DBT Compared to I/GDC for the Treatment of Opiate Addiction in Emotionally Dysregulated Patients. - 1

This study has been completed.
Sponsor:
Collaborator:
Information provided by (Responsible Party):
Duke University
ClinicalTrials.gov Identifier:
NCT00218595
First received: September 20, 2005
Last updated: July 31, 2014
Last verified: January 2013
  Purpose

The purpose of this study is to examine the efficacy of DBT compared to a standard drug counseling approach for the treatment of opiate addiction and borderline personality disorder (BPD). Treatment research has repeatedly shown that retention of BPD and substance addicted individuals to be the among the most challenging for therapists. DBT has established itself as one of the most effective treatments for treatment retention of these patients and for reducing parasuicidal and self-injurious behaviors.

This study is one of two in a multi-site RCT for the treatment of opiate addiction. DBT has been shown to be efficacious for the treatment of BPD patients and it has been extended in this study to target addictive behaviors in these patients. The study consists of three treatment parts: weekly individual and group therapy and suboxone maintenance medication. Participants are provided therapy on a weekly basis for one year and suboxone for 2 years. Assessments for tracking outcome are conducted every 4 months.

It is hypothesized patients in the DBT condition will show a reduction of substance use, parasuicidal and other psychological difficulties and these gains will be maintained through the year of follow-up assessments. In addition, it is predicted that adherence to DBT treatment protocols will be associated with improved outcomes. Finally, it is predicted that treatment "dosage" (average hours of therapy/week) will be positively related to clinical improvement.


Condition Intervention
Dialectical Behavior Therapy
Individual and Group Drug Counseling
Behavioral: DBT
Behavioral: I/GDC

Study Type: Interventional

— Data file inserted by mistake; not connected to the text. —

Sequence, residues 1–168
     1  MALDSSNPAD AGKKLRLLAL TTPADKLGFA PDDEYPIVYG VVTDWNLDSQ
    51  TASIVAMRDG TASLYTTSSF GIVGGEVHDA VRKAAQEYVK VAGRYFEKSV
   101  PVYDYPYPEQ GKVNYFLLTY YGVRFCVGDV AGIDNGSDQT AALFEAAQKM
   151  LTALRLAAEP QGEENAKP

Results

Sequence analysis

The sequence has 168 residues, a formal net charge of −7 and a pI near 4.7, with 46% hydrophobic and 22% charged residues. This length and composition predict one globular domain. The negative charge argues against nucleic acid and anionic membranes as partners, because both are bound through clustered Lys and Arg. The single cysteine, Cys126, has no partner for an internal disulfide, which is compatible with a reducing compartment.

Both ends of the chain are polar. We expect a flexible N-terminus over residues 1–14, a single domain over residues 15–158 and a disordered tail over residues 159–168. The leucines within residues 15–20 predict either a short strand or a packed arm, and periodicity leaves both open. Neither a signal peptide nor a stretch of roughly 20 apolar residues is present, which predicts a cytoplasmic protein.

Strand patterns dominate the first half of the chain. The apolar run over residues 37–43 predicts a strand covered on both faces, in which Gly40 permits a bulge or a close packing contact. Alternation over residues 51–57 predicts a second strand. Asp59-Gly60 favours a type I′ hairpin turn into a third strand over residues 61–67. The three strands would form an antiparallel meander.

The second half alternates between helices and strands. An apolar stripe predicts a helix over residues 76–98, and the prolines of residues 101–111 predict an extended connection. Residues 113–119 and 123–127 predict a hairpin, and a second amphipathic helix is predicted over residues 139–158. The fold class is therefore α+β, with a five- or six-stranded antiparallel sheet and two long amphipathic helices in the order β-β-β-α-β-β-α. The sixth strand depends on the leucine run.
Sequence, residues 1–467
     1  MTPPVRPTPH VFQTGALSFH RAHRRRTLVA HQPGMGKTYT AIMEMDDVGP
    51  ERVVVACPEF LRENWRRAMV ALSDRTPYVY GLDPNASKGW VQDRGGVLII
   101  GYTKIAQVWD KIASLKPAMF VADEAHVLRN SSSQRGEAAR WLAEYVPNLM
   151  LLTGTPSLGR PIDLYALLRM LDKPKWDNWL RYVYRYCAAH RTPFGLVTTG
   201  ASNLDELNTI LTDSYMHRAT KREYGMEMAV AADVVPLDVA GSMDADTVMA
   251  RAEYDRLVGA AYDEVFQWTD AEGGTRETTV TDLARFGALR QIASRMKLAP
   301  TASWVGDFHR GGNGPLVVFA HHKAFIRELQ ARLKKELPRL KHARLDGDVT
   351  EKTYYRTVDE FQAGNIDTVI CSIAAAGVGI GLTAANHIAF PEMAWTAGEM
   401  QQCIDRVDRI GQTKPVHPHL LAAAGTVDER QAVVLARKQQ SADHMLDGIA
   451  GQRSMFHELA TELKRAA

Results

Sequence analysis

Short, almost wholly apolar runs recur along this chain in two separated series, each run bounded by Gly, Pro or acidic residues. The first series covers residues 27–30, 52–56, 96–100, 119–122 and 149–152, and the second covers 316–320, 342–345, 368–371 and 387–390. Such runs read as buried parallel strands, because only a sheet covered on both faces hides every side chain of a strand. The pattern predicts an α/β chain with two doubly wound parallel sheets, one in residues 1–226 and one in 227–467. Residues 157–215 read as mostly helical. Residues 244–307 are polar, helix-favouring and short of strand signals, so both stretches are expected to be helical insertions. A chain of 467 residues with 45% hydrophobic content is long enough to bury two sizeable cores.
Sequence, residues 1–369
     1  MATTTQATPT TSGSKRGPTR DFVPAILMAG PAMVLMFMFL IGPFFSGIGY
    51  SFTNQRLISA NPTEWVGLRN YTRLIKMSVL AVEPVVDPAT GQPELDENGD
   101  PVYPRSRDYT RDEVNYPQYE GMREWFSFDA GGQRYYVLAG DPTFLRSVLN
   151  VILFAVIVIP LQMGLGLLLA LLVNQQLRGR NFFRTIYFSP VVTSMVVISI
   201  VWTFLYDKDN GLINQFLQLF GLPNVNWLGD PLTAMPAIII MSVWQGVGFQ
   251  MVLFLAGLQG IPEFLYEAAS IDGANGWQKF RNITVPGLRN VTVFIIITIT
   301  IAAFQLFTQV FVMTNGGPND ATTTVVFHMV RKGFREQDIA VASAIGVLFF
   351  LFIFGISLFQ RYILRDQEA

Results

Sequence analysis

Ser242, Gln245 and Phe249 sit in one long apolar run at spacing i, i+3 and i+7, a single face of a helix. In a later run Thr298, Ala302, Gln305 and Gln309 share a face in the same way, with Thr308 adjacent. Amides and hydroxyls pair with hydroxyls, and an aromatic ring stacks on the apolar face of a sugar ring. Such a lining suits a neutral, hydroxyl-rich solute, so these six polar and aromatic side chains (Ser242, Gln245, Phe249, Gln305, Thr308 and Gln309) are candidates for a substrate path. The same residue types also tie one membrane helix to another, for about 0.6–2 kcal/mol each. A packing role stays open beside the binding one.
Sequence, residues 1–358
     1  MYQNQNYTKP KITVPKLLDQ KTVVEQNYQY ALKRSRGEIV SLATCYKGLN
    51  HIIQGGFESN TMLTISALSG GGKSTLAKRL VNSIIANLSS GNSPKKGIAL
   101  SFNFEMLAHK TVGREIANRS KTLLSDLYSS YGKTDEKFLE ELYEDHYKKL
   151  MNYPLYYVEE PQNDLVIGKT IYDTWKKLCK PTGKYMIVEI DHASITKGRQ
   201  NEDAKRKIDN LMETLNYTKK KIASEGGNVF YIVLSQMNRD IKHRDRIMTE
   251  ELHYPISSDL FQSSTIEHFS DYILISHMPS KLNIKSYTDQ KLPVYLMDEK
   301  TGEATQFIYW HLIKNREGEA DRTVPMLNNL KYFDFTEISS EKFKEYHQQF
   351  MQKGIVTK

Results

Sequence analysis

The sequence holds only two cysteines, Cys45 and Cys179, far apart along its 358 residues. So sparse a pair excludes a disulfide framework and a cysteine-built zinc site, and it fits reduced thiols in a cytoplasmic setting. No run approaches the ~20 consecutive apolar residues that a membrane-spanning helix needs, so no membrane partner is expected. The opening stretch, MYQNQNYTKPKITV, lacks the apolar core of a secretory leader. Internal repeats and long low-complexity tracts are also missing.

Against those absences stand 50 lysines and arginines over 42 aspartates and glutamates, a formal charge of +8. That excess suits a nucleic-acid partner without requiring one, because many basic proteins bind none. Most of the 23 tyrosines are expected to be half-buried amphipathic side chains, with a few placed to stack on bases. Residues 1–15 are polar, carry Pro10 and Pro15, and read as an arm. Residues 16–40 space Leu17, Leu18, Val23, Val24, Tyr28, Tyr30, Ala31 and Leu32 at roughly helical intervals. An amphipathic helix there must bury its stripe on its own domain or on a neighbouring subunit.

Study Design: Allocation: Randomized
Endpoint Classification: Efficacy Study
Intervention Model: Parallel Assignment
Masking: Single Blind (Outcomes Assessor)
Primary Purpose: Treatment
Official Title: Evaluation of Dialectical Behavior Therapy in Treatment of Opioid Addiction and Emotional Problems

Further study details as provided by Duke University:

Primary Outcome Measures:
  • Psychological assessment interview [ Time Frame: Baseline, 4-month, 8-month, 12-month, 16-month, 20-month, 24-month ] [ Designated as safety issue: No ]
  • Urinalysis [ Time Frame: 3x/week during active treatment; 1x/week during follow-up year ] [ Designated as safety issue: No ]

Secondary Outcome Measures:
  • Pre- and post-session therapist and client questionnaires [ Time Frame: 1x/week during active treatment ] [ Designated as safety issue: No ]

Enrollment: 39
Study Start Date: August 2004
Study Completion Date: June 2009
Primary Completion Date: June 2009 (Final data collection date for primary outcome measure)
Arms Assigned Interventions
Experimental: DBT Behavioral: DBT
Dialectical behavior therapy plus opiate replacement medication.
Active Comparator: I/GDC Behavioral: I/GDC
Individual and group drug counseling plus opiate replacement medication.

Detailed Description:

The study design is a two arm randomized clinical trial comparing a one year treatment program of Dialectical Behavior Therapy (DBT) + suboxone for heroin addicted individuals meeting criteria for borderline personality disorder (BPD) to a one year program of standard drug counseling (I/GDC) + suboxone. Drug counseling will consist of manualized individual sessions + group therapy. Participants in both conditions will be prescribed psychotropic medications following a standardized medication protocol developed specifically for BPD individuals. Each site will enroll 86 clients with both treatment conditions being conducted at each site. Assessments measuring drug use, suicidal behaviors, retention and other treatment-related behaviors, general psychopathology and functioning, and increases in behavioral skills will be given at four month intervals for two years